My Clevo W230SS laptop (fourth-generation Intel Core i7-4810MQ CPU @ 2.80GHz) running Gentoo amd64 (Gentoo Linux Stable) with a few ~amd64 (testing) packages is six years old and I have not touched /var/log/emerge.log since installation in April 2015. Five years after I first installed Gentoo Linux on it I ran the command ‘qlop -c -H‘ to see how it compared to the older Compal NBLB2 laptop running Gentoo ~amd64 mentioned above. The reported statistics were as follows:

total: 53 days, 11 hours, 3 minutes, 31 seconds for 24494 merges, 1717 unmerges, 169 syncs

That’s roughly 3% of its then 64 months ‘life’ spent compiling. Nowhere near as bad as my older laptop, but still a lot of time spent compiling. The merge time for qtwebengine 5.14.2 was 4 hours 25 minutes with that fourth-generation Intel Core i7 CPU, but later versions of qtwebengine take even longer to build.

I personally would now only consider installing Gentoo Linux on a machine with at least 16 GB RAM and a CPU with at least four cores and a speed of circa 3 GHz or more. Additionally, although I have been a user of KDE in Gentoo Linux all these years, I would probably switch from KDE to a simpler, less resource-hungry and less feature-rich (some might say less ‘bloated’!) desktop environment such as LXQt in new installations of Gentoo Linux.

One thing that has improved a lot since I started using Gentoo Linux over a decade ago is the package manager Portage, at least in terms of dependency resolution and blockage handling. I used to have to do a lot more work to resolve problems during package upgrades; ‘merging world’ (upgrading installed packages) is generally a lot less troublesome than it used to be ten years ago. Portage is a lot slower than it used to be, but that’s because it does a lot more than it used to do. I used to have to use revdep-rebuild – a utility to resolve reverse dependencies and rebuild affected packages – frequently, but not any more. Building software from source code takes time, though, so plenty of RAM and a fast CPU are important for installing packages, however good the package manager itself.

Some people maintain that the reduction in posts in the Gentoo Linux Forums could just mean users have fewer problems these days compared to earlier years. However, I have my doubts that would account for the much larger number of pages of ‘posts from the last 24 hours’ in earlier years, nor for the big drop in Google Trends statistics since 2004. Posts from new users do appear from time to time in the forums, so I suspect there are simply not as many new users as a decade or more ago. There are also posts from long-time users when there are major changes such as an upgrade to a newer version of Python or a profile change.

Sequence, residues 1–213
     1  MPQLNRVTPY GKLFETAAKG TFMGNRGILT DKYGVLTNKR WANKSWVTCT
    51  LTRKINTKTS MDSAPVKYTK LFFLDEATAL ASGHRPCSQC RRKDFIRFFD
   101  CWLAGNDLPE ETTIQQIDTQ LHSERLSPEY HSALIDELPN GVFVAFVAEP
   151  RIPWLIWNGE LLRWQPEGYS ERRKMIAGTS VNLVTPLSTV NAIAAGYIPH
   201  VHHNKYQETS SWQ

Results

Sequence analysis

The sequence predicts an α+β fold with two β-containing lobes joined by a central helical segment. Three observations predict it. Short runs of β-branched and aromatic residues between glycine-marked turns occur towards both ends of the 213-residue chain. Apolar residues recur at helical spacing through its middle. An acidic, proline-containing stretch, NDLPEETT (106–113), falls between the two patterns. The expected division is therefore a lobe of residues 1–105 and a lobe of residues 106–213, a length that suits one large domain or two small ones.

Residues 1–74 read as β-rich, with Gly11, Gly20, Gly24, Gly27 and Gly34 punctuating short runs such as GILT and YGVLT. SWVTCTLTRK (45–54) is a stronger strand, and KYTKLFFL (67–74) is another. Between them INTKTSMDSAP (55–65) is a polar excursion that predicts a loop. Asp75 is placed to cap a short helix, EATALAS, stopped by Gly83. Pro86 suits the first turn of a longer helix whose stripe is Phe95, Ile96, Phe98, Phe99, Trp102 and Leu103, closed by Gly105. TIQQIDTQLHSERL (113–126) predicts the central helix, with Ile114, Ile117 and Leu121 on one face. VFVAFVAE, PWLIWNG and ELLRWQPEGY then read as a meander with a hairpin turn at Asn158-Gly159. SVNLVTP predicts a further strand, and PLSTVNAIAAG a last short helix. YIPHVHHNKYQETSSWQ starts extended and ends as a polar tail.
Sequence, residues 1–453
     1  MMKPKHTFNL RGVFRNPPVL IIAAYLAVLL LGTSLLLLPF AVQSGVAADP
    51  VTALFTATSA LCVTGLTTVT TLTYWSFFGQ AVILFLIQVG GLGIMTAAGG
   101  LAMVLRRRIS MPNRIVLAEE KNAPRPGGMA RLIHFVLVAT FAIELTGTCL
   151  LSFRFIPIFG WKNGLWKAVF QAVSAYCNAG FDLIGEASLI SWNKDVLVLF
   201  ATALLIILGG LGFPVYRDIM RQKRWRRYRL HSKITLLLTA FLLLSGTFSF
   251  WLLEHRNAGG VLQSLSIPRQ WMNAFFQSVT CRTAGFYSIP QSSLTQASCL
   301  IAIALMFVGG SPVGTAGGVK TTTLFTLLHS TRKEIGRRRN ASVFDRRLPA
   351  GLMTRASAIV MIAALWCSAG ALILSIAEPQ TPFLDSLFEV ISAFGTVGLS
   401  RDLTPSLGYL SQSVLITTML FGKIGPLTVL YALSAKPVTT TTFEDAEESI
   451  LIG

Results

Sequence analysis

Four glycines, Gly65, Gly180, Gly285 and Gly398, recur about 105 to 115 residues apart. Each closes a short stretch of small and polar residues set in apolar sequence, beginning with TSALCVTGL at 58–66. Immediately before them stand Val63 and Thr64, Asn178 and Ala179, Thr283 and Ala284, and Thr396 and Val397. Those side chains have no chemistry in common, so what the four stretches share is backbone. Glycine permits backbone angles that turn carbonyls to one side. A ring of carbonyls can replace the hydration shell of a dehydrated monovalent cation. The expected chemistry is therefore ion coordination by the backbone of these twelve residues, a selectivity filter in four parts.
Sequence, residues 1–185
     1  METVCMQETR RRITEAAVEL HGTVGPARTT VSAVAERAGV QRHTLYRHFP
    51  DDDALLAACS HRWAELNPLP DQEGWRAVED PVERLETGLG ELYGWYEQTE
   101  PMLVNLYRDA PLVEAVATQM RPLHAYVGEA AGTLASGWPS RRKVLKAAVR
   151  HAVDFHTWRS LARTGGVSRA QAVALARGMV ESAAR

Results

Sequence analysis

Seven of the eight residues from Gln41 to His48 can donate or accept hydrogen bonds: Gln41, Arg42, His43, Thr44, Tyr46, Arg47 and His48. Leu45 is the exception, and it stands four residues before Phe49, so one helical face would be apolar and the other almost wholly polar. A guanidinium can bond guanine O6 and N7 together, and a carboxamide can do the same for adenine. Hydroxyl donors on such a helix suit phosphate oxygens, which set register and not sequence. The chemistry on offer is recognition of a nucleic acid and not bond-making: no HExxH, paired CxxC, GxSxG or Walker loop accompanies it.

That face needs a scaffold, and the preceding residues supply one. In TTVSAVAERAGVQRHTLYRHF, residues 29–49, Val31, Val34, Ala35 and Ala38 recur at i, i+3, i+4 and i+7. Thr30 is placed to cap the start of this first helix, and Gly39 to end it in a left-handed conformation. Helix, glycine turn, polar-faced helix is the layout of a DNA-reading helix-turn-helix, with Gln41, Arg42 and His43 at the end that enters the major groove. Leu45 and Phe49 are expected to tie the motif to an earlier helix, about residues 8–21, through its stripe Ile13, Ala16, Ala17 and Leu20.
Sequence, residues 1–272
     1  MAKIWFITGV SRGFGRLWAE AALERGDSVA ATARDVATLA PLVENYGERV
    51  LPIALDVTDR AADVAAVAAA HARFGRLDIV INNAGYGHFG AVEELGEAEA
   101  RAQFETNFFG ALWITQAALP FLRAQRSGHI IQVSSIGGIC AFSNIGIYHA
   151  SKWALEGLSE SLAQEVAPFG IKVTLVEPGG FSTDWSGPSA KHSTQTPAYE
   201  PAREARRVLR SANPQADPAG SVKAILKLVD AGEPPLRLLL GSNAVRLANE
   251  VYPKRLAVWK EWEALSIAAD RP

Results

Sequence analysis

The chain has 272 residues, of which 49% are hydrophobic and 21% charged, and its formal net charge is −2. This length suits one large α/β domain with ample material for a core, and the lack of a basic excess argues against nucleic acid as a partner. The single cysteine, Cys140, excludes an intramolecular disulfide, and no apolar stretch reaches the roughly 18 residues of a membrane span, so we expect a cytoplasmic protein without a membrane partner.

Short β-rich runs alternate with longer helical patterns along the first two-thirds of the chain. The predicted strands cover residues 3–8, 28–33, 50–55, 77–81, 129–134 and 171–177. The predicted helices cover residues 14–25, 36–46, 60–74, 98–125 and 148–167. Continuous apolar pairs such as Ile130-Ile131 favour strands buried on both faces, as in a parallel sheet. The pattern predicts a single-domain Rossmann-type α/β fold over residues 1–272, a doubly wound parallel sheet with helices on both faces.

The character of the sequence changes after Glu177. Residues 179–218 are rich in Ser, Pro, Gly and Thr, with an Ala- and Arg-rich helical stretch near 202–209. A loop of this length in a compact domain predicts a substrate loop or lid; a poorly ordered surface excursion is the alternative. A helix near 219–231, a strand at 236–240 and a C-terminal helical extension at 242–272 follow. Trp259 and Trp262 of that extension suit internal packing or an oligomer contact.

Another argument against a drop in popularity is that many of the users in the high number of users online in a 24-hour period in earlier years were spambots. I used to be a moderator of the Sabayon Linux forums, so I’m well aware of the phenomenon and I had to ban quite a few spammers & spambots in my time. But I’m not buying for one moment that the majority or even a significant number of the 1850 users logged in to the Gentoo Forums on 30 December 2004 were spambots. I am aware of puerile, more-recent attempts by a few lone individuals to boost the distribution’s exposure, such as ‘Gentoo Linux Forums – I’ve just set up Gentoo on distrowatch as my homepage‘ but I doubt very much that has had any impact on uptake. Mind you, such antics are not confined to Gentoo Linux; I’ve seen similar posts in the forums of some other distributions.

I think former Gentoo Linux developer and Council member Donnie Berkholz got it about right in his 2013 article Ranking Linux distributions, and the decline of the traditional distros.

A discussion on Reddit in 2016 indicated that other Linux users have noticed a decline in use of the distribution: Why did Gentoo peak in popularity in 2005, then fade into obscurity?.

The decline in use of Gentoo Linux is not just due to lower uptake by new users; veteran users have also moved away due to its demands on time and effort: ‘Au Revoir, Gentoo – Sell Me A New Linux Distro‘. There are occasionally posts in the Gentoo Linux forums by previous users announcing that they have started using the distribution again, but I strongly suspect they are exceptions to the general trend.

Gentoo Linux is not as popular as it used to be, and there is no way of dressing it up any other way. However, Gentoo Linux can still be worthwhile for the Linux enthusiast and ‘power user’ who enjoys tinkering and learning more about Linux internals, and who does not mind the significant additional time required to maintain it, and the time, effort and extra energy consumption required to compile packages. But I would not recommend Gentoo Linux if you just want a Linux installation in order to perform typical desktop tasks such as browsing the Web, sending e-mails, word processing, working on spreadsheets and so on.